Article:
European and US stocks rebounded yesterday on news that Beijing and Washington will hold trade talks, while the Turkish lira rose after Qatar offered to invest $15bn in Turkey.
Frankfurt, London and Paris clawed back much of their losses of more than 1.5% the previous day on Turkey fears and Chinese growth concerns.
Meanwhile on Wall Street, the Dow shot 1.4% higher in late morning trading.
China’s Vice Commerce Minister Wang Shouwen, the deputy representative on international trade negotiations, will meet senior US treasury official David Malpass at Washington’s invitation, Beijing said in a statement.
Traders saw a glimmer of hope of an easing in the ongoing trade battle that has seen the two sides hit each other with reciprocal tariffs on goods worth $34bn.
Washington and Beijing plan to launch a new round of tariffs on $16bn worth of goods from each country on August 23.
Earlier, Asian indices fell on concerns over Turkey’s crisis, but losses were capped by hopes of an end to the tit-for-tat trade war between China and the United States.
Emerging market currencies staged a modest recovery after a tumultuous week for the Turkish lira, which plumbed record lows against the dollar at the start of the week.
The lira’s plunge — ongoing for weeks — turned into a rout last Friday when US President Donald Trump tweeted that his administration was doubling aluminium and steel tariffs for Turkey.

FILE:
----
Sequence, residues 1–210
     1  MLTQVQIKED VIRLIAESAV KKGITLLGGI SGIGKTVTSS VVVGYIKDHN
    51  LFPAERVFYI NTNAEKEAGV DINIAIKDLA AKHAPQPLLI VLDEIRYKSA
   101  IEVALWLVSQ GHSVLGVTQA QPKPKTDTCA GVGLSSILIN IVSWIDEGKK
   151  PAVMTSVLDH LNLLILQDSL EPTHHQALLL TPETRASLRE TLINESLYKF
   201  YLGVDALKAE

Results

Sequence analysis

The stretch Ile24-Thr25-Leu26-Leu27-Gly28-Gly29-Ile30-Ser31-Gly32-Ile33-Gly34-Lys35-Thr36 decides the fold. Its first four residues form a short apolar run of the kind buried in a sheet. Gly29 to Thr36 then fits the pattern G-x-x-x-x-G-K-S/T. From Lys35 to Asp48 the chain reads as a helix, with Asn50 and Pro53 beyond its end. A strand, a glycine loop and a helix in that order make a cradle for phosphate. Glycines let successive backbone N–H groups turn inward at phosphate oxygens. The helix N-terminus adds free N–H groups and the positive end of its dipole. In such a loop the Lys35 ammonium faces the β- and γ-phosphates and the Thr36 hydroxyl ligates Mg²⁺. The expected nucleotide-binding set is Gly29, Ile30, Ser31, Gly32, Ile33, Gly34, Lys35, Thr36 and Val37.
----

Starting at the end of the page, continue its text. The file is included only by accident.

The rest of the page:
Trump’s decision was made amid a bitter row over Ankara’s detention of an American pastor.
President Recep Tayyip Erdogan said Turkey is facing an “economic attack”. The lira has clawed back some ground in recent days as regulators cut the ability to speculate against the currency.
It held onto gains yesterday as the country’s finance minister told foreign investors that Turkey would emerge stronger from the crisis and has no need for an IMF bailout.
In Europe yesterday, London stocks were aided by strong UK retail sales data for July. The FTSE 100 closed 0.8% up at 7,556.38 points.
Frankfurt, meanwhile, gained 0.6% to 12,237.17 points, despite another slump in the share price of Bayer.
Shares in the German chemicals and pharmaceuticals giant fell 4.6% to €77.05, rocked by media reports of new legal risks stemming from its acquisition of US seeds and pesticides maker Monsanto.
The stock had fallen even more dramatically on Monday after a US jury ordered it to pay almost $290mn in damages to a dying California groundskeeper who said Monsanto’s blockbuster weedkiller Roundup — whose active ingredient is glyphosate — had caused his cancer.
In Paris, The CAC 40 closed 0.8% higher at 5,349.02 points.
The EURO STOXX 50 gained 0.7% to close at 3,381.09 points.
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